I was in Boston's Back Bay last weekend, and it struck me again how fortunate we are that the Copley Place mall was built to integrate into the neighboring community, not moat itself off. While "skywalks" often kill off the streetscape below, the walkways of Copley Place help pedestrians bridge rivers of traffic, and get to neighborhood shopping areas nearby. And if you live or work over Copley Place, you can go by foot to many different destinations in surrounding neighborhoods, including Newbury and Boylston Streets. The mall didn't kill off the nearby neighborhood retail center, one of the best urban pedestrian streetscapes in America. The Huntington Avenue streetscape could be better, but it still attracts pedestrians as well.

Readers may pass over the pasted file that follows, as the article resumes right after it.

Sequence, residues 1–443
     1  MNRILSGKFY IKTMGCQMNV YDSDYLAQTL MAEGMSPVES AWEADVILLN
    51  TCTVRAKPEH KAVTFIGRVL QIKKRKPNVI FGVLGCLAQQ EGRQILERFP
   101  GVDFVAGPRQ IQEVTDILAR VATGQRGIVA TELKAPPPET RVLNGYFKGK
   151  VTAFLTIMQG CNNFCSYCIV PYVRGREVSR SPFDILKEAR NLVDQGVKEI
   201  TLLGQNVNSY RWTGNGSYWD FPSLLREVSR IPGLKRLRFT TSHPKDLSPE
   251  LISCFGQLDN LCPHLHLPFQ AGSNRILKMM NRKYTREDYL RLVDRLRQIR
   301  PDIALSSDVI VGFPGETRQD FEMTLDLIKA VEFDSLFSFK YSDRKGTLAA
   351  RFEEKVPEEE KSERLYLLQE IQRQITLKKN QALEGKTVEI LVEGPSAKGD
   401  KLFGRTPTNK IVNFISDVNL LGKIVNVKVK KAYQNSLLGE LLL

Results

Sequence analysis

The revamped Natick Mall isn't finished yet, and I'm still waiting to see whether there will be any effort to integrate it into the surrounding neighborhoods. The most promising area is where the new Nordstrom's store comes close to Speen Street. Will there be an attractive pedestrian entrance from the Speen Street sidewalk into the store, and thus the mall? Or will it be like the rest of the mall, surrounding by asphalt parking with no attempt to create an appealing way to enter the area on foot? Will there be an effort to make an attractive, safe walking environment from the nearby hotels to the mall, or will it remain a hideous example of suburban sprawl, requiring a car to drive distances that you could walk in 5 minutes given a properly designed environment?
And what of the promises to connect the planned Cochituate Rail Trail to the mall, so people elsewhere in the area have a safe and attractive way to walk there -- not to mention giving people who move into the new mall condos a way to walk someplace besides the indoor stores?